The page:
The ores are principally magnetites (New York is the largest producer of magnetite ore among the states, producing about 45% of the total for the United States in 1907 and 1908), but red haematites occur in the N.
Section of the Adirondacks and in the central part of the state, and brown haematites and carbonate ore in the S.E.
These of course are the oldest of our ores, and from deposits of like age, especially those of the more readily decomposed silicates, has come the iron which now exists in the siderites and red and brown haematites of the later geological formations.
The rich beds near Lake Superior, chiefly red haematite, yielding at present about 55% of iron, are thought to contain between II and 2 billion tons, and the red and brown haematites of the southern states about to billion tons.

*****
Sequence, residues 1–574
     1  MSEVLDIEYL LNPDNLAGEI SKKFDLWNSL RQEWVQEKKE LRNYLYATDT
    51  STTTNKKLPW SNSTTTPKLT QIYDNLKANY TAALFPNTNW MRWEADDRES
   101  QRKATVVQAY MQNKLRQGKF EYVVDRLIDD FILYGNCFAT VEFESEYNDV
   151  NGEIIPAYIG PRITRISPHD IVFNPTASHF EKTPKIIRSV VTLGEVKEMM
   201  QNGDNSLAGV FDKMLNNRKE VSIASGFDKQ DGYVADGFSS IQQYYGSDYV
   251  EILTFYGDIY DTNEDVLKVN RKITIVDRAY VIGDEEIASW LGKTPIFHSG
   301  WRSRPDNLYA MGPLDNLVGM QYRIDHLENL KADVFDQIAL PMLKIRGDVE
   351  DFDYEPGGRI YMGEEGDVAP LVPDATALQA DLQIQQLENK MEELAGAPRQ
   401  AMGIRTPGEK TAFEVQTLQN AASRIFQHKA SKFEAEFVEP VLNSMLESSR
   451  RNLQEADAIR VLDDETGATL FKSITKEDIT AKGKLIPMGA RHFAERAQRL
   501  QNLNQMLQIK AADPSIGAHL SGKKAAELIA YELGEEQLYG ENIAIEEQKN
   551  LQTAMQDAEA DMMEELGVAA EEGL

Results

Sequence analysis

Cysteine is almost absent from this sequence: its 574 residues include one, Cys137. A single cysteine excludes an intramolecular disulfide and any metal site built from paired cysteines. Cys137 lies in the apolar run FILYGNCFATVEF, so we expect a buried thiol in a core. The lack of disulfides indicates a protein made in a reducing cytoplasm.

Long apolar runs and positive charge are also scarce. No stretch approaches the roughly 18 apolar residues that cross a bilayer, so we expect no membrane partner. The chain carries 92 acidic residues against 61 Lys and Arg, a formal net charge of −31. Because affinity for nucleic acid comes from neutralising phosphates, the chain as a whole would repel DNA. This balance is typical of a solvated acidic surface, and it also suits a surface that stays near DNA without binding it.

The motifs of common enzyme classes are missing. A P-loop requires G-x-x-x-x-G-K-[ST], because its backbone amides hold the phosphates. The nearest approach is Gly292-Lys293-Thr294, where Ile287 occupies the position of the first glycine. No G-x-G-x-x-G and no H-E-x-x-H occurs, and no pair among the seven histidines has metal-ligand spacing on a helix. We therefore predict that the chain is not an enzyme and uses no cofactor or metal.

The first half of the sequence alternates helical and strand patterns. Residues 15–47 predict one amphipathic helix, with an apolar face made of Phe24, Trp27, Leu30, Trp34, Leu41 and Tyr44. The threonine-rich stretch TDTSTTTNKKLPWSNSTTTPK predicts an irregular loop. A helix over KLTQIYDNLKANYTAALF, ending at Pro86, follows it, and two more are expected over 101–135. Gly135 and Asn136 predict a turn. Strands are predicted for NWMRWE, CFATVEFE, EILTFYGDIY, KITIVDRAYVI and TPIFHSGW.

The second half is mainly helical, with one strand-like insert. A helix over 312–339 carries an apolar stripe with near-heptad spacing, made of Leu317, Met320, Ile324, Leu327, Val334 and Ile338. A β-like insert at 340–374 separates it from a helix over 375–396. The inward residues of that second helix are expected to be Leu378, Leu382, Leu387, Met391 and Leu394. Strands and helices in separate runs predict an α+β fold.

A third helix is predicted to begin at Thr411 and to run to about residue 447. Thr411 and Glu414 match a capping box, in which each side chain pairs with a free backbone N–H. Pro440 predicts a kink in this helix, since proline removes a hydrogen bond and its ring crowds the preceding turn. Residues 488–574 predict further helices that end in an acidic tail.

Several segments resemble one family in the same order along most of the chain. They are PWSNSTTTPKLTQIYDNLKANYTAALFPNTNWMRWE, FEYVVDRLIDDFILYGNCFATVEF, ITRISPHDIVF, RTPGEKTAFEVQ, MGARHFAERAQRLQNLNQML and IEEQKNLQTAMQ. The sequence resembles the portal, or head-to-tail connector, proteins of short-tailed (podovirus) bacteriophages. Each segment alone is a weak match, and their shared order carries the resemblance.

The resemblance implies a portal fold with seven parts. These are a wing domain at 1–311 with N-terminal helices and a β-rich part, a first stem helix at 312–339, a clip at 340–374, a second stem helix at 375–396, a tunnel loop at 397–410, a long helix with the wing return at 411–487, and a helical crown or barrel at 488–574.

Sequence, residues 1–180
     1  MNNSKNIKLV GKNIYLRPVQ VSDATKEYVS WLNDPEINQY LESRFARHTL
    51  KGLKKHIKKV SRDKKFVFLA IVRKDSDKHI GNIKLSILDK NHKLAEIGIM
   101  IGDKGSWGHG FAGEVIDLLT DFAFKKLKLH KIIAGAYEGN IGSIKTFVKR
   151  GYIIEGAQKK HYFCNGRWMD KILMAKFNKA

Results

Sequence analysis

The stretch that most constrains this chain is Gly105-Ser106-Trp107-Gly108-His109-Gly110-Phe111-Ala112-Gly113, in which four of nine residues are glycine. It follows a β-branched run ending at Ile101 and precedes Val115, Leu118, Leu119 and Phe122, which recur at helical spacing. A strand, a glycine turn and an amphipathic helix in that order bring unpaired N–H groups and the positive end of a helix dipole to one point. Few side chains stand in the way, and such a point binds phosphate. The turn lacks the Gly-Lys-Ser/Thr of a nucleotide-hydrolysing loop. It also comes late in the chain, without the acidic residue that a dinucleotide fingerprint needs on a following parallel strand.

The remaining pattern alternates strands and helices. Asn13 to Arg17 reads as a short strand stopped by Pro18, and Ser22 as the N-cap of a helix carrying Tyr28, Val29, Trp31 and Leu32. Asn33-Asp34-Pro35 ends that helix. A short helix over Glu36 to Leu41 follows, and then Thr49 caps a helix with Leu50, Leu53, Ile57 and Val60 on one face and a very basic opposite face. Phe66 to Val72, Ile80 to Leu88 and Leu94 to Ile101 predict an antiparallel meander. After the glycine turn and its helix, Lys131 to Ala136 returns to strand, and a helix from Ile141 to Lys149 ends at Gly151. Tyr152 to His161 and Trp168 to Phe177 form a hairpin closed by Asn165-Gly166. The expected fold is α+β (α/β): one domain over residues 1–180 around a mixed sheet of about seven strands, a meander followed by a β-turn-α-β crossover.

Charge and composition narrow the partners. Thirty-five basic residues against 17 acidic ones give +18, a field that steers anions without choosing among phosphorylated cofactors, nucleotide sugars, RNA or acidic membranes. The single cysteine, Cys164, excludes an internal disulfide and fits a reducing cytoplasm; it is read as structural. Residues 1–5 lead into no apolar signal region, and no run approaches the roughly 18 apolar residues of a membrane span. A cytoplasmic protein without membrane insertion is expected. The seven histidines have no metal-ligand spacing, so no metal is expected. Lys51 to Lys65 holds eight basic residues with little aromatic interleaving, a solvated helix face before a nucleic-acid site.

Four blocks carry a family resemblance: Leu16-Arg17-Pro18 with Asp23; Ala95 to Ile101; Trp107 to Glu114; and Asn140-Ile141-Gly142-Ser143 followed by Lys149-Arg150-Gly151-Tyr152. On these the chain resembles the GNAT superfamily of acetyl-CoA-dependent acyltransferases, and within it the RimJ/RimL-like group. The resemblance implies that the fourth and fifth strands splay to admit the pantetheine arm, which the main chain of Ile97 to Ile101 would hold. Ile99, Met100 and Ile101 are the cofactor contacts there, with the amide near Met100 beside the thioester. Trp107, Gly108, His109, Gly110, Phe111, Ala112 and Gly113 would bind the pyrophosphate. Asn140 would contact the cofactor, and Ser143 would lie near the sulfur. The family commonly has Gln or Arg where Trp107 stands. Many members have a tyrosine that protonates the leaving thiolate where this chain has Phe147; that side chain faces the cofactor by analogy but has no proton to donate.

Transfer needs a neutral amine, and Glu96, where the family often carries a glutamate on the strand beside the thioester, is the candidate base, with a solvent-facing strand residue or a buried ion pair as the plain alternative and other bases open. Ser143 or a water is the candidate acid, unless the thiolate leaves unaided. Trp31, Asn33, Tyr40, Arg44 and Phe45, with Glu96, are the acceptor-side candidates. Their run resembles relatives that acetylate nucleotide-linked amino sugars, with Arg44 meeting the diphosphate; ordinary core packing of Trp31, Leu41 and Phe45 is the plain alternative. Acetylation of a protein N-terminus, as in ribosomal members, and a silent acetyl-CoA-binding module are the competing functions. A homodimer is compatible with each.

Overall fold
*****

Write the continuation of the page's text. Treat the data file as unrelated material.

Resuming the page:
The iron deposits are very extensive, and the ores consist of red haematites, magnetites, titanic, chrome and manganese irons.
The ore occurs in two forms, haematites and limonites; the specular hematites often being grouped, for practical purposes, into two classes - those occurring in porphyry and those occurring in sandstone.
The haematites are found not only in the archean porphyries but in Cambrian limestone and sandstone, and in the sub-Carboniferous formations; while the limonites are confined almost exclusively to the Cambrian.
The bedded haematites and limonites have been little exploited.